A lot of patients we see on a day to day basis sometimes only need to be treated with medication, and will need little further investigation other than a good detailed clinical assessment by a vet. However, when medication fails to improve symptoms, or things don’t appear straight forward then we have to investigate further in order to reach a diagnosis. This was very much the case for this week’s patient that didn’t fit into the ‘common things that happen’ bracket.
Disley, a 9 year old Labradoodle, bounded into our consult room in March; despite the fact over the last few he had become lame. Apart from this lameness Disley was very much his usual larger than life figure and, didn’t show much pain in his affected fore limb after lots of bending and flexing of his joints. With this in mind, it was likely he had experienced a simple sprain and he was discharged with some pain killers and expected to show improvements in a few days.
When this niggling low grade lameness continued over the next 3 weeks we reviewed the still bouncy Disley and decided we needed further investigation. X- rays was the most logical next step and Disley was sedated in order to get the required views.
The results gave us all a surprise; as there appeared to be a growth in the bone of his lower fore arm. The major differential for this was a bone tumour and so after discussion with the owner we performed a biopsy of the site and we all anxiously waited for the results, whilst Disley went home to continue on his pain relief.
The result was a disappointment. Not because of the news it returned but because of the lack of it. As can happen on occasions, the tissue sample submitted lacked enough evidence for the laboratory to commit to a definite diagnosis. The result was discussed with the owners and we discussed the case with several specialists in orthopaedics and oncology in order to come up with a treatment plan that suited Disley.
The specialist opinions were clear and gave us several options. It was agreed that despite the biopsy result it was very likely his growth was a bone tumour and without treatment he may only have 4-6 months to live. The options were; to repeat the biopsies to definitely clarify the result, amputate his leg with likely limited improvement in survival times, perform major limb salvage procedures with specialist implants, add chemotherapy into these regimes or simply treat him with pain killers to ensure the best quality of life that he could have. No one plan fits all, and this all gave the owners much to think about in order to make the correct decision for Disley.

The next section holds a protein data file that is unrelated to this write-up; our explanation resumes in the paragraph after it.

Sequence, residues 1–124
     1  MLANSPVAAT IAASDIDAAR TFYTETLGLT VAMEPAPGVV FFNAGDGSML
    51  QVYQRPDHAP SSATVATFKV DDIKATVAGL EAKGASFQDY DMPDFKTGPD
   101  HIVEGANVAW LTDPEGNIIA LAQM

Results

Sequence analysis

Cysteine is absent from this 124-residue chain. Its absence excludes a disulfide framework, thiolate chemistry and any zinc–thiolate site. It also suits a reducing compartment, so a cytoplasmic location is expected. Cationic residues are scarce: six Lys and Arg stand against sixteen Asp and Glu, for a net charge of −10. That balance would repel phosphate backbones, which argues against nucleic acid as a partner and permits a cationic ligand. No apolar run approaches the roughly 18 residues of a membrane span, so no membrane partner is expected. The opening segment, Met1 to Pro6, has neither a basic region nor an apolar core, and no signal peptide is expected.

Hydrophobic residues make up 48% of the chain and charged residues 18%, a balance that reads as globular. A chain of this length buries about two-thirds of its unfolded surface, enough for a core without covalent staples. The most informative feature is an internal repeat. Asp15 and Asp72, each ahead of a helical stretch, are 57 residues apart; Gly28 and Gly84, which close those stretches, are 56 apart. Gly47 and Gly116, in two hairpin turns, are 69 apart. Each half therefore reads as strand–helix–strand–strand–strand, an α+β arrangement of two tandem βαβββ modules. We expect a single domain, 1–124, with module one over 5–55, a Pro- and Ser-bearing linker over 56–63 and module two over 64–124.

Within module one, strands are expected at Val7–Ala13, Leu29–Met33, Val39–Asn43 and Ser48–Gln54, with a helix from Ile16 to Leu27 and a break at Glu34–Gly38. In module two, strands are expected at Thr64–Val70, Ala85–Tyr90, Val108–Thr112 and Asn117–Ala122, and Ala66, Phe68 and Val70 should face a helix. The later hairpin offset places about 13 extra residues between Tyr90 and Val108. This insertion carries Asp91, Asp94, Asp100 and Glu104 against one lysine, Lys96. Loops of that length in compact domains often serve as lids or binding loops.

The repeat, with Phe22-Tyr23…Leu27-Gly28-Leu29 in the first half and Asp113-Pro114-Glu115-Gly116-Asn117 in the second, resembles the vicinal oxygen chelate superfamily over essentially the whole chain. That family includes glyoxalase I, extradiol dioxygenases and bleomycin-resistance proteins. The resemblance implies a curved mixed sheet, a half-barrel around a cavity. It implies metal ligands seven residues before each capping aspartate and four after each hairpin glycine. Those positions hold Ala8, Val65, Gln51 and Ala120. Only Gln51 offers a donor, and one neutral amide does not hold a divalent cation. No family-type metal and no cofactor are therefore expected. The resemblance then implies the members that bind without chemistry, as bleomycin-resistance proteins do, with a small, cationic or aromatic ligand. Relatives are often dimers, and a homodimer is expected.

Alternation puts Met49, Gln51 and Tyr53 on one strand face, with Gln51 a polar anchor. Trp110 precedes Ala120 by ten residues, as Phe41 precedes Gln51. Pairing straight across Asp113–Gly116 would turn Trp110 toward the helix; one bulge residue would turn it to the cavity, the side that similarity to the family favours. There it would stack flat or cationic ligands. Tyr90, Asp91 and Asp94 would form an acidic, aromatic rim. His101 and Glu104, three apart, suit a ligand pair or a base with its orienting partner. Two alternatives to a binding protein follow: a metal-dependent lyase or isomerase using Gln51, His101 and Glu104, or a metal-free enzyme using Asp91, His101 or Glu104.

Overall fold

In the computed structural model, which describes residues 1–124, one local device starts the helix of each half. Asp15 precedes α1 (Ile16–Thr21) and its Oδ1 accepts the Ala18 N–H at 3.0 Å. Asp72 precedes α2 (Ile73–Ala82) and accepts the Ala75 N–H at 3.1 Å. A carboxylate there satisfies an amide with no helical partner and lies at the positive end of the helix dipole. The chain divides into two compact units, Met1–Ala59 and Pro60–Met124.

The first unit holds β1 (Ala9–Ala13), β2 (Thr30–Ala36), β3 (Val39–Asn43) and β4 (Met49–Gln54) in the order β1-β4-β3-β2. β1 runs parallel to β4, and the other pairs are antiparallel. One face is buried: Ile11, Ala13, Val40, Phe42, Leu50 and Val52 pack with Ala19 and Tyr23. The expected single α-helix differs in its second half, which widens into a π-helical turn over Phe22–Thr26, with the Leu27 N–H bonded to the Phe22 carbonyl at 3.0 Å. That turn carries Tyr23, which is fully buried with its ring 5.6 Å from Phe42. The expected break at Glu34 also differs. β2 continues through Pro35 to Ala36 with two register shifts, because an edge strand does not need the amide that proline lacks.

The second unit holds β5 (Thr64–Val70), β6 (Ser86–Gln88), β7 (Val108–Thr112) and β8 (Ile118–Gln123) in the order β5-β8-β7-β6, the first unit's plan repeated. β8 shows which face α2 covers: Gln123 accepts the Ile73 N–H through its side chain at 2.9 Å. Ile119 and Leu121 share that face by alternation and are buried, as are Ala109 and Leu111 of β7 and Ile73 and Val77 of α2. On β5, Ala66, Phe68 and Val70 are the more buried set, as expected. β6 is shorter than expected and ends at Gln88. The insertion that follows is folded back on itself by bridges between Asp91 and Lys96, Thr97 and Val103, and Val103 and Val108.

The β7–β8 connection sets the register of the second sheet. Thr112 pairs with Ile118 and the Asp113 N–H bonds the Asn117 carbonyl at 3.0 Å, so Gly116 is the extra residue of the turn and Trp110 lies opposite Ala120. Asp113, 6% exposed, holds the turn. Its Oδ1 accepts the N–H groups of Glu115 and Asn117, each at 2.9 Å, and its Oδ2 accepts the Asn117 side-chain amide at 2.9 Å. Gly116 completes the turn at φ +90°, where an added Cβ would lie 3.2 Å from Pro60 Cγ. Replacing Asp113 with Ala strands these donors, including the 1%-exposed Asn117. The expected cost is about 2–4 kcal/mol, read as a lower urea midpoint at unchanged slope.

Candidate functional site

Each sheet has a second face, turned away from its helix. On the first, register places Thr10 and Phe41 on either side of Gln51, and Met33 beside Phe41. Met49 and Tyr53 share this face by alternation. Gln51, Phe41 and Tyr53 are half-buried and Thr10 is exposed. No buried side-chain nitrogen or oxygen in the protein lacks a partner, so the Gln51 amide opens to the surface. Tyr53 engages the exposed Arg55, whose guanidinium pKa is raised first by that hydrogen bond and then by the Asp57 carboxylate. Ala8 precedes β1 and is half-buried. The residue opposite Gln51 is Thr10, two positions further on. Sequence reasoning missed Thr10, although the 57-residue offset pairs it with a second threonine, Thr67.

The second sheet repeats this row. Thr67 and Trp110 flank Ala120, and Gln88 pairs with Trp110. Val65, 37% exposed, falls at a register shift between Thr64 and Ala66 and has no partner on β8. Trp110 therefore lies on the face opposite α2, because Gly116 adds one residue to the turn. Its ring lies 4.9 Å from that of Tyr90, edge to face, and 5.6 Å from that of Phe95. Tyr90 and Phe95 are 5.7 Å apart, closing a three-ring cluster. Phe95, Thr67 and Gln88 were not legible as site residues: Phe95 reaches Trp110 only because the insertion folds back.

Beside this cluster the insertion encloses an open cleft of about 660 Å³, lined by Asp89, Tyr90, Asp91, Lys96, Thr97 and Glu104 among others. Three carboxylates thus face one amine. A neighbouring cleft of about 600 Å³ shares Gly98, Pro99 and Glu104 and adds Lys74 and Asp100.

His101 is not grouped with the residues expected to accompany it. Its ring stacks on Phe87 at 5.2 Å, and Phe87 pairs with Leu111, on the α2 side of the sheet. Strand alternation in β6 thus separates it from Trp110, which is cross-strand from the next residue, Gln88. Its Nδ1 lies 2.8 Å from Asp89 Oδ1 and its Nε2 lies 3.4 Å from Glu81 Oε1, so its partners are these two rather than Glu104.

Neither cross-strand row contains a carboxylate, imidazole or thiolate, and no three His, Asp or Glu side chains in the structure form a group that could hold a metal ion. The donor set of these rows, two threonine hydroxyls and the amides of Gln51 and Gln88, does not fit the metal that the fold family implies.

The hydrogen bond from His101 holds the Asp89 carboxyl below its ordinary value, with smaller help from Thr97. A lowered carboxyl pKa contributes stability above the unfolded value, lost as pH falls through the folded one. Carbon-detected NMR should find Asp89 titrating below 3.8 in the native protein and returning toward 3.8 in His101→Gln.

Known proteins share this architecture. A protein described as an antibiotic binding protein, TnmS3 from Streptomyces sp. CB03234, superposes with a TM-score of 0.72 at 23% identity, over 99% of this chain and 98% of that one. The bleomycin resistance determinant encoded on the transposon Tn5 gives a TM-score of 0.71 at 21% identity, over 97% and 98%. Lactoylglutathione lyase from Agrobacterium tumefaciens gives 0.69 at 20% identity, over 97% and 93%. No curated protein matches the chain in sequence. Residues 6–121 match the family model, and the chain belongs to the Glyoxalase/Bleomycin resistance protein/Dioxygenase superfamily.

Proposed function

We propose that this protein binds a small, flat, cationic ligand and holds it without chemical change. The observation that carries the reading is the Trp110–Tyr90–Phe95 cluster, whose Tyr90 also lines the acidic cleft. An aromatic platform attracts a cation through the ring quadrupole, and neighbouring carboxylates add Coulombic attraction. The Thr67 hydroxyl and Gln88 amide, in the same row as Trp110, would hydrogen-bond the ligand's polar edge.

The owners thought long and hard about what to do next for Disley, who clueless about what was going on was still his usual energetic and happy self. They ultimately decided with the prognosis in front of them, to not put Disley through further surgery but to treat him with pain relief and to also use an intravenous medication advised by the oncologist that could delay bone resorption and hopefully keep the tumour affected bone as strong as possible for as long as possible. Disley was therefore prescribed multiple pain relieving and anti-inflammatory medications and started to visit us once a month for his intravenous infusion.
Disley continued with this regime for 7 months. He would come bounding in to the surgery as happy as any dog, leap at me and head-butt me in the midriff as soon as he saw me, and generally enjoy the attention of all the nurses that would fuss over him. Ultimately, despite him being in otherwise good health, Disley’s likely tumour grew and ultimately started to become painful.
Disley had done far better than anyone expected, and other than his sore and swollen leg was still in good health. We had to review our plan and yet again had a long discussion with his owners. They wanted to do anything for him and decided that if new X-rays didn’t show any further spread of the tumour, then they felt it would be in his best interest to have his leg amputated to save him from the pain and discomfort it was causing.
Disley was soon admitted and had his X-rays taken of his chest. The good news was there was not obvious sign of tumour spread and so we progressed to amputation. The surgery went well and we just had to see how Disley responded to such a major operation.
Disley woke up from the anaesthesia with an almost relieved look on his face. Within the hour he had jumped up and asked to go out to the toilet and by the very next day the owner reported he was so much happier. The growth was sent for biopsy once again and this time confirmed what had always been very likely, that the mass was a bone tumour. However, the good news is that Disley is doing much better than expected and has learnt to cope with 3 legs extremely well.
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